By Victor Reklaitis, MarketWatch
There’s been a renewed focus on protecting personal data in recent months, thanks to Facebook drawing all sorts of flak for how it managed people’s sensitive information.
So European Union regulators might be patting themselves on the back for their new General Data Protection Regulation, a set of data-handling rules that are taking effect on Friday .
Below are five things to know about GDPR, which has been making American companies — including Facebook /zigman2/quotes/205064656/composite FB +0.41% — change how they do business.
In January, Facebook COO Sheryl Sandberg said the company was trying to make it easier for the social network’s users worldwide to manage their privacy before the wide-ranging EU law kicks in.
Then in March, the social-media giant endured a firestorm and stock selloff after data-mining company Cambridge Analytica reportedly used the personal details of up to 87 million Facebook users without authorization.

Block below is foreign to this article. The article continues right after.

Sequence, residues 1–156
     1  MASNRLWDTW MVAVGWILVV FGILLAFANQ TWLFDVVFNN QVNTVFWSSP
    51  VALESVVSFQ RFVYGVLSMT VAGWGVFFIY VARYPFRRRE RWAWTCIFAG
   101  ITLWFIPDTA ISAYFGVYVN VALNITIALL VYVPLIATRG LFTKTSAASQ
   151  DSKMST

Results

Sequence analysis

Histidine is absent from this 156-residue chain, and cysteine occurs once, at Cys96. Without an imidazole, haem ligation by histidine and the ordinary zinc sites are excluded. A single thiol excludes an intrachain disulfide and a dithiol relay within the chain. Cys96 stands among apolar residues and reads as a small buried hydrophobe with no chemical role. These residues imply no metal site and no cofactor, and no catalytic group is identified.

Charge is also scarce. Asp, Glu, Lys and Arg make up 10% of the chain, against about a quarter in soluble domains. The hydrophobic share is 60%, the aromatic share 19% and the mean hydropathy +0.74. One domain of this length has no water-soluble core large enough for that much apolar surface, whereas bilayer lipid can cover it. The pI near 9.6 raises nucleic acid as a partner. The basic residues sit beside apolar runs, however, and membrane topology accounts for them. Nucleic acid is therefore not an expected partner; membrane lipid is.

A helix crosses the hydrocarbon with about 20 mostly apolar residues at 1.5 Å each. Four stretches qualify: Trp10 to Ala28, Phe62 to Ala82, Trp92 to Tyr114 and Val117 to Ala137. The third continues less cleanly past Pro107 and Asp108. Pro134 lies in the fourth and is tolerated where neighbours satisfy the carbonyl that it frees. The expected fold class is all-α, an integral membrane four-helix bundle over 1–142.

1. No EU operations? GDPR still may apply to you
U.S. enterprises may be making a big mistake if they react to GDPR with a Gallic shrug .
All companies, government agencies and nonprofits that interact with EU residents are subject to the new law, according to security experts from consulting firm RSM.
“Many organizations underestimate the amount of EU data they hold and, therefore, may not understand the legislation’s potential effect,” wrote RSM’s Daimon Geopfert and Alain Marcuse in a column published by the Boston Business Journal.
“For example, banks, hospitals, hotels and other organizations that hold data from EU residents are subject to the GDPR.”
2. Failure could mean sizable fines
The law promises hefty fines for companies that fail to notify authorities of breaches within 72 hours.
The maximum fine would be up to 4% of annual sales or 20 million euros ($25 million), whichever is higher, noted Jefferies analysts in a recent report. Companies also would have to alert affected individuals within 72 hours, in certain cases.